Cannabis and Cannabinoid Research
Cannabis and Cannabinoid Research is the premier journal dedicated to the scientific, medical, and psychosocial exploration of clinical cannabis, cannabinoids, and the biochemical mechanisms of endocannabinoids. The Journal publishes a broad range of human and animal studies including basic and translational research; clinical studies; behavioral, social, and epidemiological issues; and ethical, legal, and regulatory controversies. Cannabis and Cannabinoid Research is the leading source for authoritative cannabis and cannabinoid research, discussion, and debate.
Cannabis and Cannabinoid Research coverage includes:
- Biochemical process of the endocannabinoid system
- Cannabinoid receptors and signaling
- Pharmaceuticals based on cannabis and cannabinoids
- Optimal dosing and drug delivery
- Short- and long-term effects on the brain and behavior
- Toxicological studies
- Analgesic effects, including neuropathic pain and chronic nerve injury
- Neurological disorders, including epilepsy, multiple sclerosis, and glaucoma
- Use of cannabis as antinauseants and antispasmodics
- Immune function and chronic inflammation, including HIV
- Cancer and cancer-related treatment
- Screening and assessment for marijuana misuse and addiction
- Social, behavioral, and public health impact
- Ethics, regulation, legalization, and public policy
Cannabis and Cannabinoid Research is under the editorial leadership of Daniele Piomelli, PhD, the Louise Turner Arnold Chair in Neurosciences and Professor of Anatomy and Neurobiology, Pharmacology, and Biological Chemistry at University of California, Irvine. The editorial board is comprised of leading investigators in the field from around the world. View the entire editorial board here
Audience: Pharmacologists and psychopharmacologists, toxicologists, biochemists, neurologists, psychiatrists, physicians, and other healthcare practitioners, addiction specialists, and regulators and policymakers, among others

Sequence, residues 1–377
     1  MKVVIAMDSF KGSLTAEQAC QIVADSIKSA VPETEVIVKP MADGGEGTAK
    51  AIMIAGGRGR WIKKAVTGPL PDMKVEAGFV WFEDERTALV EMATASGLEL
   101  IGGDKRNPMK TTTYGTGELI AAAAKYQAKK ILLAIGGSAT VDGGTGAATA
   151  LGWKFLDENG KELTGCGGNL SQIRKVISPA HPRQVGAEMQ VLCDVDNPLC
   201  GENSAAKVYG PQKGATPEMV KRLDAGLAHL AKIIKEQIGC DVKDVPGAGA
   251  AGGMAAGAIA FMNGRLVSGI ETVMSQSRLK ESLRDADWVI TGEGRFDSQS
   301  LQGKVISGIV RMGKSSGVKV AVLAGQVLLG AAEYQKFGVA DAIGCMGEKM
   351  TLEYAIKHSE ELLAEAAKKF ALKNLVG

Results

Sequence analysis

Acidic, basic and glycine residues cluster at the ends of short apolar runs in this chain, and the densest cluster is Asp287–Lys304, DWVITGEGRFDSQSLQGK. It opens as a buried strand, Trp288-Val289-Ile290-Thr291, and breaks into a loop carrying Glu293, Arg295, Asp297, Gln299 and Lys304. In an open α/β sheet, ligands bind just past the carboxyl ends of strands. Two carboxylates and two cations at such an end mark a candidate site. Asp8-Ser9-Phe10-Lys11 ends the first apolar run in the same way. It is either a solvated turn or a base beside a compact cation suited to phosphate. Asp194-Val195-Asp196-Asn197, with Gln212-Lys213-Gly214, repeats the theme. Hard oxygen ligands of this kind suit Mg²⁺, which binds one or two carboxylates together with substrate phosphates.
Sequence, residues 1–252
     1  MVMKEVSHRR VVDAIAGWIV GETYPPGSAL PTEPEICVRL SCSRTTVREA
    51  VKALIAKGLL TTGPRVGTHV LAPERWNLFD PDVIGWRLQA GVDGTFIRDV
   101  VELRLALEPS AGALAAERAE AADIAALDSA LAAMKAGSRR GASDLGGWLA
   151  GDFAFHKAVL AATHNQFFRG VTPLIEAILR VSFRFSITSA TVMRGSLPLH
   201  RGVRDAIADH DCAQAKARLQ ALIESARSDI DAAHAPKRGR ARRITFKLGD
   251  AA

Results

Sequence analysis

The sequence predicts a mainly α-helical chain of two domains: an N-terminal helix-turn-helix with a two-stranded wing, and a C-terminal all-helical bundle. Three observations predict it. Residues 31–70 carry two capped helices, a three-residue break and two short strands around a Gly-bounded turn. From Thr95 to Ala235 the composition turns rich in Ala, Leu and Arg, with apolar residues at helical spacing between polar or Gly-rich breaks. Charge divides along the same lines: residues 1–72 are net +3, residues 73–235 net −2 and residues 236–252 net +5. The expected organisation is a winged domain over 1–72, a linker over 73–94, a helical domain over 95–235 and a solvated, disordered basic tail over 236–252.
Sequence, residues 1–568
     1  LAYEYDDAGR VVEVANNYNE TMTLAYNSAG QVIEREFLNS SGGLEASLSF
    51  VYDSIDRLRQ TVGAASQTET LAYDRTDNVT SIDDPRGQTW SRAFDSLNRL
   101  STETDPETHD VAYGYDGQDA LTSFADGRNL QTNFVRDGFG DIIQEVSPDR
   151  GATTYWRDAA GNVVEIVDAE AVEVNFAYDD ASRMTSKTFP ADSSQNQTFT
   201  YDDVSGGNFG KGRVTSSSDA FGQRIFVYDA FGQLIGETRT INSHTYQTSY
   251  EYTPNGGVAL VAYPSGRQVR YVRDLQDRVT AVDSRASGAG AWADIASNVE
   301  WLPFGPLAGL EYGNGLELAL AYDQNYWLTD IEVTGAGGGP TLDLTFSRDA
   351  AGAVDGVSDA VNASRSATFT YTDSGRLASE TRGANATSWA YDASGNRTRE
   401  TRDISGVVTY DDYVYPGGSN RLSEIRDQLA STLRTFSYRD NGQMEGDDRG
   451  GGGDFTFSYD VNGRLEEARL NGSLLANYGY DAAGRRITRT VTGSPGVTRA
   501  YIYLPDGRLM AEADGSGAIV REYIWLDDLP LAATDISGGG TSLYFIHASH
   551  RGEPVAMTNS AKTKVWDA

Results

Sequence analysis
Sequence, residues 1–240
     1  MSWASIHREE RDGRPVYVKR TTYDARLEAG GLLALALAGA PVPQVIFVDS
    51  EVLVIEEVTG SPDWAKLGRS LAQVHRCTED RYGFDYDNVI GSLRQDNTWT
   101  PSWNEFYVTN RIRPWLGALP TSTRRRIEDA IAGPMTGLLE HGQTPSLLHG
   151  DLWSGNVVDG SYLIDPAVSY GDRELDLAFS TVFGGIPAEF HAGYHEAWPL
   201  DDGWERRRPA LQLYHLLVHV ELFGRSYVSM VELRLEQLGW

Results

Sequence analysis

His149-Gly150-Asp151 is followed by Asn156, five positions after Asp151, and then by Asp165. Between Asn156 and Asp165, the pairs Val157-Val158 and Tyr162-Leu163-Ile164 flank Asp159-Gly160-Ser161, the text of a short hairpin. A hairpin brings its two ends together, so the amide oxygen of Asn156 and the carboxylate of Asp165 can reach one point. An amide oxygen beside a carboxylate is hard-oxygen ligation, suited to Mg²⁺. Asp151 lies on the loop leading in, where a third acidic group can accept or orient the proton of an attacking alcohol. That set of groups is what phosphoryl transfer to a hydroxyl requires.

Study: CBD may help block pain-signalling pathways
There’s no shortage of anecdotal evidence about the efficacy of cannabidiol (CBD) for treating pain, but a new study offers further scientific insight into how the compound interacts with nerve cells.
Published in the Journal of Pain Research, the study suggests that CBD may help block pain-signalling pathways.
Researchers found that lab-cultured rat neurons treated with CBD were less sensitive to capsaicin, the active compound in chili peppers. The nerve cells treated with CBD saw an influx of calcium and reduced levels of the pain-signalling molecule cAMP, a key signalling molecule in the pain pathway, reports Imperial College London.
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Study: CBD may help block pain-signalling pathways Back to video
Researchers believe this might help explain the therapeutic effect of CBD in patients with acute and chronic pain.
The study was led by Mikael Sodergren, a senior clinical lecturer at the university, a hepatobiliary consultant and a pancreatic surgeon at Imperial College Healthcare NHS Trust.
Sodergren is currently leading research, from pre-clinical to clinical studies, focusing on cannabis-based products to treat pain, inflammation and cancer.
Medical cannabis became legal in the U.K. in 2018, but advocates say it is difficult to access and prohibitively expensive.
A recent poll of more than 13,000 U.K. residents found that nearly half — 46 per cent — were unaware that medical cannabis is legal. Studies like Sodergren’s could help change that.
It’s also in line with other research, including a 2008 review published in Therapeutics and Clinical Risk Management, that found cannabinoids have shown “great promise” as an adjunct therapy for difficult-to-treat pain.